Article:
Mind the Gap: the looming intergenerational crisis

9 May 2018 Nick Garbutt    Last updated: 9 May 2018

An influential think tank has just produced a policy paper designed to tackle the looming intergenerational crisis which endangers young people, children and those yet to be born.

The Resolution Foundation’s A New Generational Contract was two years in the making. It is bold and ambitious and clearly evidenced. However, as many of the policies proposed are, for the moment at least, politically toxic, unlikely to lead to change, yet.

But the clock is ticking and the issues are of such profound importance that it deserves to start a vigorous public debate. There was considerable coverage in the media this week, most of it concentrating on one aspect of the report. Whilst this led to some ill-informed criticism, it has got people talking, and that is good.

To get a fuller picture it is important to understand the context of the report.

The 18th Century Irish conservative Edmund Burke famously wrote: “Society is indeed a contract…It is a partnership in all science; a partnership in all art; a partnership in every virtue, and in all perfection. As the ends of such a partnership cannot be obtained in many generations, it becomes a partnership not only between those who are living, but between those who are living, those who are dead, and those who are to be born.”

This thinking animates the paper, and it is remarkable that its radical proposals should be drawn from the philosophy of the man often regarded as the grandfather of Conservatism.

The Resolution Foundation argues that the Welfare State itself is based on the principle of a contract between the generations- the idea that everyone is helped through the various stages of their lives. The young get education, later help with childcare, there is a health system for all and older people get pensions. It works because everyone pays in and everyone gets support.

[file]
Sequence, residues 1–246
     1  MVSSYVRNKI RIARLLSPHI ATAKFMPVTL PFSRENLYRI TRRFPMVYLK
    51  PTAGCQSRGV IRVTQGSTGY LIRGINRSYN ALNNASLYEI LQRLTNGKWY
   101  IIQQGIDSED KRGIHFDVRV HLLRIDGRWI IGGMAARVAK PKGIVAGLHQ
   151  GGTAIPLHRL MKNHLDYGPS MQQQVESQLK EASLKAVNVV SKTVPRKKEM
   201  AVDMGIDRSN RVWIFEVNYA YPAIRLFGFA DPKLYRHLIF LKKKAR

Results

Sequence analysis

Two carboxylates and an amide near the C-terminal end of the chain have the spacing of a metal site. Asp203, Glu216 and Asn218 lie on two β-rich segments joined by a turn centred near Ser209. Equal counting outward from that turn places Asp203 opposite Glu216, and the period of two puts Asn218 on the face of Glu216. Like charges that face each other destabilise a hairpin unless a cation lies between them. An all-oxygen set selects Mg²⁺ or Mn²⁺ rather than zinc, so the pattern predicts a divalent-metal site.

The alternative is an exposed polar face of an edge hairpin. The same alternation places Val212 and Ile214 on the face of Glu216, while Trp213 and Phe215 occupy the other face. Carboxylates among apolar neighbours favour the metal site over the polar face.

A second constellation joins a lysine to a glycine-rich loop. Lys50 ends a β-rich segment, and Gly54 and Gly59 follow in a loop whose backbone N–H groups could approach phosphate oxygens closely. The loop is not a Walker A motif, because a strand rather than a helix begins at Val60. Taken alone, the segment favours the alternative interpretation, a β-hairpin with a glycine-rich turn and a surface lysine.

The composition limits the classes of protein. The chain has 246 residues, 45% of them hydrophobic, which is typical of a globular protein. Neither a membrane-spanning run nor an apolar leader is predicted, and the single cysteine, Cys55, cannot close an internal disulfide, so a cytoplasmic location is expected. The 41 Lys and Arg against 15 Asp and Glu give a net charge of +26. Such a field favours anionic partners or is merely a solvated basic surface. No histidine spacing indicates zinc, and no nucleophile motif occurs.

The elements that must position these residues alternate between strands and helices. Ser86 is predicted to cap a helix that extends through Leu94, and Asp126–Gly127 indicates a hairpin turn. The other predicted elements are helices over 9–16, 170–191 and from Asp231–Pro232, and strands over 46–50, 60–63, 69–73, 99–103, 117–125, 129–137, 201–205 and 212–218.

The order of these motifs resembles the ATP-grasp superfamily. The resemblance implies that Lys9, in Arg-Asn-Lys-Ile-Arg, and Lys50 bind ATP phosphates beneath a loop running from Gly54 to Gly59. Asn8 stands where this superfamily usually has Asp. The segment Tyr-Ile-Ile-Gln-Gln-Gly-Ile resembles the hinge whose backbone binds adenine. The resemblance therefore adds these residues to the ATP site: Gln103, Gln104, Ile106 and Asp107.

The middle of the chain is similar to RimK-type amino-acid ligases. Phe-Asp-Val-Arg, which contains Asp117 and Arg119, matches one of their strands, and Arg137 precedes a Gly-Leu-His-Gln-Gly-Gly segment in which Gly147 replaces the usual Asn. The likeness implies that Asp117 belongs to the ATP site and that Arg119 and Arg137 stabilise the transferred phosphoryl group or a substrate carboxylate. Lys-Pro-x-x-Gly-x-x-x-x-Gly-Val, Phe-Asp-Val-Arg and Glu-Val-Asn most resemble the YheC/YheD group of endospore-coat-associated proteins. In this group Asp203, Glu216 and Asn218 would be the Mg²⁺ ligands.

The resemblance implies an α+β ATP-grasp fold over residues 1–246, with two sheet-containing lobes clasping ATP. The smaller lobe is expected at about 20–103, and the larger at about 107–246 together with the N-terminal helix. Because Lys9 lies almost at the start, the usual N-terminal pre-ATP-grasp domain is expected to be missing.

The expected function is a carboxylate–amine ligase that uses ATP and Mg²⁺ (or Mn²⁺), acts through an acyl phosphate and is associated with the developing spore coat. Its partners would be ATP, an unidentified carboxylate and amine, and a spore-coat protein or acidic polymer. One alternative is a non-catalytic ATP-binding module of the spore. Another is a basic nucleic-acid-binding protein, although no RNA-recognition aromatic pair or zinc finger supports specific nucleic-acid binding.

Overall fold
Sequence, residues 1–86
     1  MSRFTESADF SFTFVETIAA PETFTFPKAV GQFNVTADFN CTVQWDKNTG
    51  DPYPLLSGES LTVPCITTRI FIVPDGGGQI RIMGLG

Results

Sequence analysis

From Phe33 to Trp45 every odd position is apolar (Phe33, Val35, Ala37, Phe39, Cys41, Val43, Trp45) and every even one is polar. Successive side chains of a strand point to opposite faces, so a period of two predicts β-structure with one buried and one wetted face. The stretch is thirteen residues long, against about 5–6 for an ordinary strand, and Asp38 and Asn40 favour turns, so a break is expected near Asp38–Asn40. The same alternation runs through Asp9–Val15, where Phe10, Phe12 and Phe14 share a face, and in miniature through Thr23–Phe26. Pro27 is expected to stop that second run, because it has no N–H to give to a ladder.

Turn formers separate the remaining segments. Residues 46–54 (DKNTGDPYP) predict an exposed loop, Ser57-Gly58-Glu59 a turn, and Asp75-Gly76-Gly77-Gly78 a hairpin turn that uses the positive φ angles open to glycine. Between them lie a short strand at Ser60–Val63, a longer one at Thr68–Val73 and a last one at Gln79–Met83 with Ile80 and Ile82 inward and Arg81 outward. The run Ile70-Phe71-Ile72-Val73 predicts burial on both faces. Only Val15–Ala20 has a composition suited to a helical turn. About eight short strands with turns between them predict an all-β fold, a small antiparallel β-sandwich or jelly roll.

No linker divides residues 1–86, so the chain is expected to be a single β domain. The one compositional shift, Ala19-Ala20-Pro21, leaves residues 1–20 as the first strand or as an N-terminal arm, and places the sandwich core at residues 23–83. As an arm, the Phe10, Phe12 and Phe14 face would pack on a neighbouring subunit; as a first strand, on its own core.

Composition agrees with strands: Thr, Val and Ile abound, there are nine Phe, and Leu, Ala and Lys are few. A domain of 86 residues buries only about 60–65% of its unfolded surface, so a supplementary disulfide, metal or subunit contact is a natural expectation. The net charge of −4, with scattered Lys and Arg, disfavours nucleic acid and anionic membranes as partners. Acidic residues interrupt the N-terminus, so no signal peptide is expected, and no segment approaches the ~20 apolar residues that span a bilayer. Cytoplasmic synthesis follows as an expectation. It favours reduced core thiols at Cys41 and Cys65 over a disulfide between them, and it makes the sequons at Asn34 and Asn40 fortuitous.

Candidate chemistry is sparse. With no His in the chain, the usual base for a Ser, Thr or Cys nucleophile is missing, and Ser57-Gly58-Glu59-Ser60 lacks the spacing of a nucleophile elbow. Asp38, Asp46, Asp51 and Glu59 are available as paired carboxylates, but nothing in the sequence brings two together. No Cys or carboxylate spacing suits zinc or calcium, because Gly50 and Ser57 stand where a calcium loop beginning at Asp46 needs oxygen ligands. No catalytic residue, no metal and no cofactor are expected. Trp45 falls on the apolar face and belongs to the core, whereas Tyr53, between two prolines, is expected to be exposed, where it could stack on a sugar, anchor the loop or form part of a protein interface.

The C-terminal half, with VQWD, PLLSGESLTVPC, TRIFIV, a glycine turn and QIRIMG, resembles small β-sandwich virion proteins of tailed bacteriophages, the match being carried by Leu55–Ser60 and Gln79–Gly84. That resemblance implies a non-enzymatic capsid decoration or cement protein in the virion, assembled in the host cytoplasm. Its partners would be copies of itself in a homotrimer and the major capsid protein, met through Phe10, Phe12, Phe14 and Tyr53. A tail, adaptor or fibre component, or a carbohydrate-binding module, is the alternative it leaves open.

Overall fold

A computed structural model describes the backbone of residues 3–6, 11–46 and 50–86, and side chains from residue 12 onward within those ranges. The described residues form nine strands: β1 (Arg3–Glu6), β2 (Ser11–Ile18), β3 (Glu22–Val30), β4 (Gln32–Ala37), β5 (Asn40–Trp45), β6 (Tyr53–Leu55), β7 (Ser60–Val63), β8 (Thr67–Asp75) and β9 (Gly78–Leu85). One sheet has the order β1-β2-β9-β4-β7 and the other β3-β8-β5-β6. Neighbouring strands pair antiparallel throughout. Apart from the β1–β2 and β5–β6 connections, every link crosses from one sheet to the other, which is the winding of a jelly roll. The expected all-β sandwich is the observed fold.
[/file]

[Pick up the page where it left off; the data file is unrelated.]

The paper argues that this contract is under severe strain – it may even broken – and lays out what it believes needs to be done to resolve the crisis.

The evidence is stark.

Young people may be less likely to be unemployed than earlier generations, but low pay is endemic, work is often temporary and they are far less likely than previous generations to move jobs (the best route to a pay rise)

The Millennial Generation is half as likely to own homes by the age of 30, compared to the earlier Baby Boomers and those who rent are four times more likely to be in private accommodation. This increases housing costs, and instability.

Whilst the UK economy has performed better than some in the aftermath of the financial crisis of European countries only Spain has seen a comparable “boom and bust” between generations.

In contrast pensioners have performed well since the turn of the century. This to the point where median pensioner incomes are now higher than median working-age incomes after housing costs.

This is only part of the problem. The Baby Boomer generation is reaching retirement age. Baby boomers are so named because this generational cohort is much larger than previous and later generations. Even without factoring in increasing life expectancy this endangers the fundamental principle of the Welfare States promise to look after older people.

Combined with other pressures on health costs, this ageing population means public spending on health, care and social security is set to rise by £24 billion by 2030 and by £63 billion by 2040.